Get grill smart

Step outdoors post 9 am and you will agree that summer is already upon us. But before it hits you in the face, capitalise on the last few bearable evenings with barbecues. Here are some tips t

Published: 28th February 2012 01:28 AM  |   Last Updated: 16th May 2012 06:06 PM   |  A+A-

Step outdoors post 9 am and you will agree that summer is already upon us. But before it hits you in the face, capitalise on the last few bearable evenings with barbecues. Here are some tips to help get you started:

The beginners’ club

For starters, chef R Rajesh, recommends, “Chicken breasts and sausages are some of the simpler options.” As for the cuts, he adds, “If using large cuts of meat or whole chicken, the barbecue should be maintained at a very low temperature. For a novice, about one inch cubes of meat or vegetables is a good size.”

Consulting chef Manu Chandra, recommends chicken breast, darn of fish and chunks of meat for beginners, and for something simple he says, “You can marinate with yoghurt and spices. Use onions, lemon juice, parsley, mustard and chilli sauce.” Chef Willi recommends, “Jointed meats that are quick to cook - chicken breasts, lamb chops, prawns in the shell (but split and cleaned first) half lobsters, fish fillets, all sausages, minced meat patties, tenderloin beef medallions and so on.”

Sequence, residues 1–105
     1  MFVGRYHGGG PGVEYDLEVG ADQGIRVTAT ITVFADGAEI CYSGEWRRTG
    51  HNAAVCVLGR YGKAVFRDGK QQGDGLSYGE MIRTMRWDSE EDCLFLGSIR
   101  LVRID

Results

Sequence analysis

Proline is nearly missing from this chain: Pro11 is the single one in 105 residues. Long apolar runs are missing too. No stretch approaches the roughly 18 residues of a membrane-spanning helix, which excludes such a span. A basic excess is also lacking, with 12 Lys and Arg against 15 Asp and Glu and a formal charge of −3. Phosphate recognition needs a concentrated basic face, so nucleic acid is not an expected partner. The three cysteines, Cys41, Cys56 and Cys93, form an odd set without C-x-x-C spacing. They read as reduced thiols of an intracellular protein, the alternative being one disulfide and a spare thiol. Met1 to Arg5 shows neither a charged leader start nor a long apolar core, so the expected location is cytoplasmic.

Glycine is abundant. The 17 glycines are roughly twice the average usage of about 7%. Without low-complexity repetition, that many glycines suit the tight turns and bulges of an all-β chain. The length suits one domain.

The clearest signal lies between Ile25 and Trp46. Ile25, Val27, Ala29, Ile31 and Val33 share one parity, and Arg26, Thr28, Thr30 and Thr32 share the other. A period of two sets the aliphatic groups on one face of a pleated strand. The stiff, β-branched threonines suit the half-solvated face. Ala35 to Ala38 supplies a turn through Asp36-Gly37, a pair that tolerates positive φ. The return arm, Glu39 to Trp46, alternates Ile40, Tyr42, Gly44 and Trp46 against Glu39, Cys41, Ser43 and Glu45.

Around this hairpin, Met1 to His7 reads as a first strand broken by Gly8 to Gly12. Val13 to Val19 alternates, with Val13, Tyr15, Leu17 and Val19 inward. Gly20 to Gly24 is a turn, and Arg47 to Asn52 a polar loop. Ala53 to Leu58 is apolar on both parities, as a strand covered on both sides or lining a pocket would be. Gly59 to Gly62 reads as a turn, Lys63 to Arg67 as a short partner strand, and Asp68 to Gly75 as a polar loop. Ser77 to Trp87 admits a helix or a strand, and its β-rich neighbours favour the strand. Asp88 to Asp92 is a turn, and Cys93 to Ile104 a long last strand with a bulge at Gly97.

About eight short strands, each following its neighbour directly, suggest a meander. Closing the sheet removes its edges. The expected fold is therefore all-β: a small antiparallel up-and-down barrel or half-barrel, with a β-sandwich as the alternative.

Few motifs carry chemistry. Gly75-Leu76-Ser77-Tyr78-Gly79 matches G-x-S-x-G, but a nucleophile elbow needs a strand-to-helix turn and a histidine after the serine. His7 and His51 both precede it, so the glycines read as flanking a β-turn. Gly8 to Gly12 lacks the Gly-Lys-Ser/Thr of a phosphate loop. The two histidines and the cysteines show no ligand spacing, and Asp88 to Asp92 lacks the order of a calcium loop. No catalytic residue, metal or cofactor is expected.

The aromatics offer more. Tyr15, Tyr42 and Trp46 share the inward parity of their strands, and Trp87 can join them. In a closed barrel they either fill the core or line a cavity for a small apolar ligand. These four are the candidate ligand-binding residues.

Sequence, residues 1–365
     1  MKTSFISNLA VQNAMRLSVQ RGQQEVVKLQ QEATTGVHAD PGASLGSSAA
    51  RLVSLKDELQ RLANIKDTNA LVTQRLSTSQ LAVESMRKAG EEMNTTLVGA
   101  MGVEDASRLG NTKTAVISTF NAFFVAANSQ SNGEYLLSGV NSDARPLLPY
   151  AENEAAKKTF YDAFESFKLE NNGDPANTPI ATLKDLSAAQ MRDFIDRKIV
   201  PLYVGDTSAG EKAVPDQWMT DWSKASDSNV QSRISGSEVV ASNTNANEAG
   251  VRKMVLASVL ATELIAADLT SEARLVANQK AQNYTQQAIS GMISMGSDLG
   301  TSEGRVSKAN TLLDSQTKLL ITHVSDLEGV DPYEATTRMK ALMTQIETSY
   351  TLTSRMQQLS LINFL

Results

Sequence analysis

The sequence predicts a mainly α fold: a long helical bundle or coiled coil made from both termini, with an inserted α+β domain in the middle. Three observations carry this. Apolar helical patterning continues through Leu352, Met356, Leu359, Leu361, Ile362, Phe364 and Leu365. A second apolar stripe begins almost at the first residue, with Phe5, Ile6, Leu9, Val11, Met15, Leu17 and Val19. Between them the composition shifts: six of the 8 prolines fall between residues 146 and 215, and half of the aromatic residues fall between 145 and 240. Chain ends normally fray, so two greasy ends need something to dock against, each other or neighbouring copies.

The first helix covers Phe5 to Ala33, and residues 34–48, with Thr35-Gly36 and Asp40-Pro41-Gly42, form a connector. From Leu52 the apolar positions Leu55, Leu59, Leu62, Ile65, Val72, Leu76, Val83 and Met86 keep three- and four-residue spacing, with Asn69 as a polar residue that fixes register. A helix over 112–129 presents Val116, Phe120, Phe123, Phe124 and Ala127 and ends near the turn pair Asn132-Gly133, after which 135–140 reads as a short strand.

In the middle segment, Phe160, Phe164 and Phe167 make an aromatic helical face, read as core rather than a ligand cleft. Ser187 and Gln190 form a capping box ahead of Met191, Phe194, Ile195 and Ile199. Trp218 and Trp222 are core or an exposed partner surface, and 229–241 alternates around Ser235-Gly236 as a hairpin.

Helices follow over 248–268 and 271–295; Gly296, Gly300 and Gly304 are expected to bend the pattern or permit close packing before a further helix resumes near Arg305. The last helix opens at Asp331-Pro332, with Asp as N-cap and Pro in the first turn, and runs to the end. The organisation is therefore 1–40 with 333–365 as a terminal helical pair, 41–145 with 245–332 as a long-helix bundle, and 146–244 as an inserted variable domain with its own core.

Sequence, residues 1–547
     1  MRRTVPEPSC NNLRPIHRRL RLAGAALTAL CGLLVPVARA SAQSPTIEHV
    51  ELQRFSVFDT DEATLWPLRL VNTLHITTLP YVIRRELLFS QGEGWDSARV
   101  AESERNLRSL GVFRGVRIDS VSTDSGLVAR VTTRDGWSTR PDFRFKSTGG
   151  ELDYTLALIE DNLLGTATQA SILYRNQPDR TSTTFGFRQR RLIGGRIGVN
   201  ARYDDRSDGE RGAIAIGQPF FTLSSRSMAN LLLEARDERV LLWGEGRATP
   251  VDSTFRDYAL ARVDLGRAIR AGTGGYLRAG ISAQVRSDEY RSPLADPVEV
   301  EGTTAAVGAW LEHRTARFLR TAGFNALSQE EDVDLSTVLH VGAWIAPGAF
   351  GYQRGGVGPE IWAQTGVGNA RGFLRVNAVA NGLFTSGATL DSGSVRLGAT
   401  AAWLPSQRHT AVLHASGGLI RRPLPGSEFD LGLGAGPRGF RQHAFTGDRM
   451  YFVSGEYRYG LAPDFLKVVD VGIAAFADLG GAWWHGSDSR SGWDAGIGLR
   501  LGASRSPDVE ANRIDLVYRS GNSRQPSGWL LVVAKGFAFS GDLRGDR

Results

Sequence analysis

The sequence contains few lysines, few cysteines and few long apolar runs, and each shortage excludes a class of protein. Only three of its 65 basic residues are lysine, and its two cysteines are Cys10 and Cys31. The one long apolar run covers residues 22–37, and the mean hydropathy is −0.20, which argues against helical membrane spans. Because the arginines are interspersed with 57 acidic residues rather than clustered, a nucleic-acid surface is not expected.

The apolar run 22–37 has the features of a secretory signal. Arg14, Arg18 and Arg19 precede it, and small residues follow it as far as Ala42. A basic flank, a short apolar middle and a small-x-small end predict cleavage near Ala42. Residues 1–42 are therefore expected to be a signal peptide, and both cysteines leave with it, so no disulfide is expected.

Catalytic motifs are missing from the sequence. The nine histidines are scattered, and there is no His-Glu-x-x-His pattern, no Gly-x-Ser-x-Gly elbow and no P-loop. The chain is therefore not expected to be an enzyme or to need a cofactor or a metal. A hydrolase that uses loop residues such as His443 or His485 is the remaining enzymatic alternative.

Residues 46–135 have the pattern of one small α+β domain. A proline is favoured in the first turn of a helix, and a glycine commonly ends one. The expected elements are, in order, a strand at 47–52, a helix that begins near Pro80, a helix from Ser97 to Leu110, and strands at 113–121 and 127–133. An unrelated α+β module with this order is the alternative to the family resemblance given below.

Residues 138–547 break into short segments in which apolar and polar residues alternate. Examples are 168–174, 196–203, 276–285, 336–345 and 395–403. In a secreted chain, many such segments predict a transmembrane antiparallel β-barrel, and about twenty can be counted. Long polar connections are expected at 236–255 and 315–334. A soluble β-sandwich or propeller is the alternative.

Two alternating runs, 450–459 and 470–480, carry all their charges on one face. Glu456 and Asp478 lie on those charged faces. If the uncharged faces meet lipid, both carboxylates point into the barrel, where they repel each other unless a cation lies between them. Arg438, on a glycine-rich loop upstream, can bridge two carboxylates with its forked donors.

Green and sweet

Not many are aware that vegetables make as good a barbecue as meats. Chef Chandra suggests, “Kidney beans, lotus stem, colocasia, baby corn, peppers, paneer and more.” For more variety, chef Rajesh adds, “Cottage cheese, polenta cakes, hard tofu, grilled doughnuts, quesadillas, grilled sandwiches with meat and cheese, and barbecue breads like tortillas or unleavened Indian style griddle breads.” Executive chef Daniel Leah shares a quick dessert idea, “You could make simple fruit skewers and grill on the BBQ and serve with ice cream.”

At a glance

Chef Chandra points out that expertise will come only with practice, but for your first time, the rules are the same as in the case of roasting meats. “The juices should run clear if you insert the knife edge of the skewer into the thickest part of the meat. If it is still bloody, you need to transfer the meat to a lower temperature part of the barbecue,” offers Rajesh. “And, if the vegetables are not cut very thick and the barbecue is not too hot - by the time the vegetables have nice grill marks on either side, they are done.”

The equipment

The first thing you will need is a good barbecue grill. “The size of the barbecue should match the quantity of meat or vegetable you intend to cook. Charcoal barbecues are preferred, but gas fired barbecues are a good second option and are much easier to maintain,” shares chef Rajesh. Charcoal grills from Weber and Prestige are available in various sizes. There are also gas grills specially fitted for use with the Indian LPG cylinders. A good grill should feel solid and sturdy.

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